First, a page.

Things may be slowly starting to change, with more foreigners coming here and starting their own riding clubs, and there have been workshops held for farriers and saddlers, but there's a long way still to go. A huge mentality change is needed, and education must be made readily available.

I now realize what a long mail this got to be... thanks for bearing with me and reading it :) and thanks for all the work you do for horses, on and off FHOTD :)"

"A village in Spain stones its oldest donkey to death each year."

FHOTD in: WHY? How the hell do people come up with this shit?

"My husband and I have travelled to Mexico a few times and wanted to ride on the beach there. I was hesitant to do so because of the condition of so many of the horses that you see been rented out for that purpose.

We found an exception to that rule and want to pass it on to your readership.

In Mazatlan there is a business called Ginger’s Bilingual Horses that is run by a woman from Bellingham Washington and her Mexican national husband.
Ginger has been in Mexico for 26 years and she runs a very nice business with healthy energetic horses.
My husband and I rode there a few years ago and we were well matched with good horses. I rode an energetic but well behaved gelding and my husband rode a very calm but responsive gelding.
The route was interesting with an English speaking guide that gave good info of the sights, we rode to the beach and were able to lope along the water’s edge, if we wanted to...I did.

The guide was concerned for the welfare of the horses and asked that they not be loped in the soft sand but only in the firm sand near the water’s edge...

Overall, a very good experience, nice horses and a good value for your $$."

"Thanks for that post! I've seen many ribby miserable looking horses
on my travels, and yet also many perfectly happy healthy ones too! I
would definitely mention
Brooke Horse Hospital though
I did apply for a job there a few years ago
but didn't get (went to work for the Red Cross instead!). Brooke work
with people in developing countries to educate them and provide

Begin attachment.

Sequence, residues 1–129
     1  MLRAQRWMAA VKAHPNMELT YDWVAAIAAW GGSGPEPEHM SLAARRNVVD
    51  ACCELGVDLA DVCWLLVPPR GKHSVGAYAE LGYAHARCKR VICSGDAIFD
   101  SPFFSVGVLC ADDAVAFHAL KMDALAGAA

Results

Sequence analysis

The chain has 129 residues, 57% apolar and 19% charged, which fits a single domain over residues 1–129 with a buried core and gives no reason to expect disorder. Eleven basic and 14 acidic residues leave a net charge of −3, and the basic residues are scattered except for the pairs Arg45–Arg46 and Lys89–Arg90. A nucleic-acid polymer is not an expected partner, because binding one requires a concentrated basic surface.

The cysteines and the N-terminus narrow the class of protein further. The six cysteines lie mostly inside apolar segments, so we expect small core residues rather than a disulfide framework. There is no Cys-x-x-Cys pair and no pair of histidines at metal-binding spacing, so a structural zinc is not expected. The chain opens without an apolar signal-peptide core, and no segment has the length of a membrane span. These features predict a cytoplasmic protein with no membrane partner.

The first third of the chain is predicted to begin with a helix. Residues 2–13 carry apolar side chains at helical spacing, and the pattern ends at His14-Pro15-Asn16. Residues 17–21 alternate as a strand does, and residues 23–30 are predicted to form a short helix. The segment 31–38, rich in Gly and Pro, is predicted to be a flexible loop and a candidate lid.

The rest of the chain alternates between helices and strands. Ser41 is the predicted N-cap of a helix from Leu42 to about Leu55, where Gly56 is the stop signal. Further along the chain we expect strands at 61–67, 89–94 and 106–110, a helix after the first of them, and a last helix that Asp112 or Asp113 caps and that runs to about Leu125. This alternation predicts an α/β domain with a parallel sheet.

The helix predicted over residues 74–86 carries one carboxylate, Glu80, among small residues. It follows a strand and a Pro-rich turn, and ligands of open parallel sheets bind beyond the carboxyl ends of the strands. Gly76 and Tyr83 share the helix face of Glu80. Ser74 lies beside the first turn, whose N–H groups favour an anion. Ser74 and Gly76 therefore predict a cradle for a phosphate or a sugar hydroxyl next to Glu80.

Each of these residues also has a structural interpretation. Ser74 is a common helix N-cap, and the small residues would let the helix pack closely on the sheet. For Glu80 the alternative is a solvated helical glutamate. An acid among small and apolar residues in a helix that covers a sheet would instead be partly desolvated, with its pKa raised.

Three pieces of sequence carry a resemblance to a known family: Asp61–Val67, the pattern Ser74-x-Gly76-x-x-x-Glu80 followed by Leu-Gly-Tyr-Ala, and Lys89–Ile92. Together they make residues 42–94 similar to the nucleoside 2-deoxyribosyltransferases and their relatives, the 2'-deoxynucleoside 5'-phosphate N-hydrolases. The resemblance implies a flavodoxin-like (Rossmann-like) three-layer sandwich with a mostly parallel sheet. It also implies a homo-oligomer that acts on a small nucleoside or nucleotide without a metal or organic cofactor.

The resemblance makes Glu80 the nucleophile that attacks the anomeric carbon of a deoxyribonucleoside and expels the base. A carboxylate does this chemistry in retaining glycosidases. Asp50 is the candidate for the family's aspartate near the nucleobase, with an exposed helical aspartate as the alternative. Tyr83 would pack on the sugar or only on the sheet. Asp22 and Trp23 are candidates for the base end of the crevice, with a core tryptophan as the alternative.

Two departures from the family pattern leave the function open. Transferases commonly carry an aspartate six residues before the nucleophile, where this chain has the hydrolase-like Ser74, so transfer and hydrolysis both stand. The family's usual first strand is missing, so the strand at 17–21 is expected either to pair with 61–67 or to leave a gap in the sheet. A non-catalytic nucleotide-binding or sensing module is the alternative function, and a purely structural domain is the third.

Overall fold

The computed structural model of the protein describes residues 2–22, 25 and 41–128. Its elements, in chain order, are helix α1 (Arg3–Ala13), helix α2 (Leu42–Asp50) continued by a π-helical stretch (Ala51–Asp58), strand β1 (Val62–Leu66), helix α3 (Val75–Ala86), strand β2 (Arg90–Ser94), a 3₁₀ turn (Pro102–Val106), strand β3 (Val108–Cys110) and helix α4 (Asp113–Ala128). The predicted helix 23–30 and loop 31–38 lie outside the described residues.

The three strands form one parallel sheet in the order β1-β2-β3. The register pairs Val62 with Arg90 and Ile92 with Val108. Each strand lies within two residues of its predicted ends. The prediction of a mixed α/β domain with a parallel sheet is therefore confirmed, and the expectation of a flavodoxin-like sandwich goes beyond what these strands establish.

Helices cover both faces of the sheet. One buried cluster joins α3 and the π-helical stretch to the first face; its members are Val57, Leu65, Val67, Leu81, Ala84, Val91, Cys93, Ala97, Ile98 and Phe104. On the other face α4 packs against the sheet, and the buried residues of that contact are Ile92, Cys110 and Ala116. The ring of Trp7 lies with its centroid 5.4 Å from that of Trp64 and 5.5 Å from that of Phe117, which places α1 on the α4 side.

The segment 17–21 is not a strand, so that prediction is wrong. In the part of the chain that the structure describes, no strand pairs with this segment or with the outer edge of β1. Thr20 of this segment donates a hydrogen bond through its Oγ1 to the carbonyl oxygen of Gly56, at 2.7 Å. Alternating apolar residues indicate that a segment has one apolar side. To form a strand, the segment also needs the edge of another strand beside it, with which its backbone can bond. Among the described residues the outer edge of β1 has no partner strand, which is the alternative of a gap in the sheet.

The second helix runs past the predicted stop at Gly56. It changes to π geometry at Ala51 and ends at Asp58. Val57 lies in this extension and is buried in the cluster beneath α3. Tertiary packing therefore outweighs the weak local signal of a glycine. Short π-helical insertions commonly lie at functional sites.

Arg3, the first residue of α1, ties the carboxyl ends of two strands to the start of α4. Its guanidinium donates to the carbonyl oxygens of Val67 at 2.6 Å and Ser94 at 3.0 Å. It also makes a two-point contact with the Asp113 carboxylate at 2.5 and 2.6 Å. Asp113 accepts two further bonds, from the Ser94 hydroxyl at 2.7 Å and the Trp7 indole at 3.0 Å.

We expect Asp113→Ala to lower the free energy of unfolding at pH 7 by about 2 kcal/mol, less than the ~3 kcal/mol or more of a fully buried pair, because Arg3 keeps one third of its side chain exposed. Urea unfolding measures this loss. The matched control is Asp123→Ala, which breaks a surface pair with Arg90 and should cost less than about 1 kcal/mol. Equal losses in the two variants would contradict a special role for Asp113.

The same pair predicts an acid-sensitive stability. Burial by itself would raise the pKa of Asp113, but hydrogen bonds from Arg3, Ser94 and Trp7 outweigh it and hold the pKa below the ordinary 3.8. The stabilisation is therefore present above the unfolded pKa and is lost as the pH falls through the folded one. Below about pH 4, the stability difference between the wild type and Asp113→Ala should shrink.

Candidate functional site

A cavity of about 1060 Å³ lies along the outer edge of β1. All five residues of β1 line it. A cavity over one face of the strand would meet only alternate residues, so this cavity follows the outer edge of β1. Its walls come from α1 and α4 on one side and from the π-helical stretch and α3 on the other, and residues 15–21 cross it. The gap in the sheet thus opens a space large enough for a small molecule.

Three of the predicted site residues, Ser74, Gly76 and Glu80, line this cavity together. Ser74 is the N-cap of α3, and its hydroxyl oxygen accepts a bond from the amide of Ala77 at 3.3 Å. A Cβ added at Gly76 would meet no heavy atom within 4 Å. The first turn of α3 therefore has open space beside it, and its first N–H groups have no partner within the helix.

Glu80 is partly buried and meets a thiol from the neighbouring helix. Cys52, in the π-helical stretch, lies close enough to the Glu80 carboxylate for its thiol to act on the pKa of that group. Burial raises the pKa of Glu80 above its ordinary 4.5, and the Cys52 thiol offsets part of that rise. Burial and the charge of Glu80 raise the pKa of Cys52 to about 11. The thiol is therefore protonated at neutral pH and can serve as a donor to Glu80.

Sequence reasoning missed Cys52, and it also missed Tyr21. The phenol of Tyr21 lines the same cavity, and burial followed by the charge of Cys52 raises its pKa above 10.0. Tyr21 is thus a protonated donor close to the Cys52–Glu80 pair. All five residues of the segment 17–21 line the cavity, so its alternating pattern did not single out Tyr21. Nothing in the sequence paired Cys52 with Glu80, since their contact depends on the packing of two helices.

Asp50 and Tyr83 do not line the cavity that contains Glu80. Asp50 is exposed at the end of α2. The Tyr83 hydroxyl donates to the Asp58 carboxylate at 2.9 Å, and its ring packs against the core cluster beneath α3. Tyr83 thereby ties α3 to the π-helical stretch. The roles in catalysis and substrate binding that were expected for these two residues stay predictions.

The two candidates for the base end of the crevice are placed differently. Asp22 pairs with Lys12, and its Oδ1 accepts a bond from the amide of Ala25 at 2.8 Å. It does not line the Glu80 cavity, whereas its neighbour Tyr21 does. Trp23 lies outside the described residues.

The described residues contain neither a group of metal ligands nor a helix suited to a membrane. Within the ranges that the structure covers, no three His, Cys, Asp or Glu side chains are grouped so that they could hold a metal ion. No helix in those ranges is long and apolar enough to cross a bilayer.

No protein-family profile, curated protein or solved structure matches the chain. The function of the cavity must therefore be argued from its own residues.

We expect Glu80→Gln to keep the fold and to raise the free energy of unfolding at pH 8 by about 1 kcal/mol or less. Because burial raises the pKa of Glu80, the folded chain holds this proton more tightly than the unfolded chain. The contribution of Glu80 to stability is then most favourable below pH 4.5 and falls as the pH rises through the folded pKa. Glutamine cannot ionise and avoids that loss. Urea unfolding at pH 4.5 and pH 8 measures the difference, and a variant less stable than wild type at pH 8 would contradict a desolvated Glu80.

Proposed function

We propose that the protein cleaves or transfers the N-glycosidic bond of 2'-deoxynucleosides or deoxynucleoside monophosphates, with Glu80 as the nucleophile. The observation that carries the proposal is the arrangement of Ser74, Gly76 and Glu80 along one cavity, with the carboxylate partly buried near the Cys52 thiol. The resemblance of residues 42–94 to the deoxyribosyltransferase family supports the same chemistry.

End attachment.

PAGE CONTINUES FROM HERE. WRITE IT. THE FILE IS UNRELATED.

veterinary care and help them with their animals, usually working
animals. And encouraging healthy equine tourism too! See
here:the fat woman on the donkey, makes me shiver with rage!"

"(If you click on someone's name on Youtube, it will bring up their profile. That's where I found the Indian woman's age and favorite videos - assuming the info she gave them was accurate. She pm'd me back, saying the videos were a year old and the horse had been taken out on a one month trial, which didn't work out. So... she's educated enough to get a trial period on a sale horse...)"

"Hey look at the new video. At 2 min's 40 secs you can see rolls under the saddle.. Perhaps to keep the saddle from sinking over his emaciated withers. Just a spot."

"Chile is not a first world or third world country but really somewhere in between aka Second World. Where as the mounted police weren't the most exceptional forward seat rider's I ever saw, they were extremely nice, the horses well taken care of and friendly. The next two pictures are from Easter Island (don't know how much you know about EI but it is a small island, with few natural resources yes, very poor indeed), though most of the horses there were a) semi-feral and b) underconditioned, none of them (minus the extremely sick very few indeed) were not underweight. All the ones staked in front of houses looked happy, healthy and sleepy!

My horse is a Chilean Thoroughbred. Shipped to the US he looked really good when we got him! And he wasn't even a good race horse, barely made 1.5k USD.

Anyways, I'm unsure about other South American countries but my family is from Chile and I was happy to see everywhere I went, government owned and most poverty stricken homes the horses were cared for."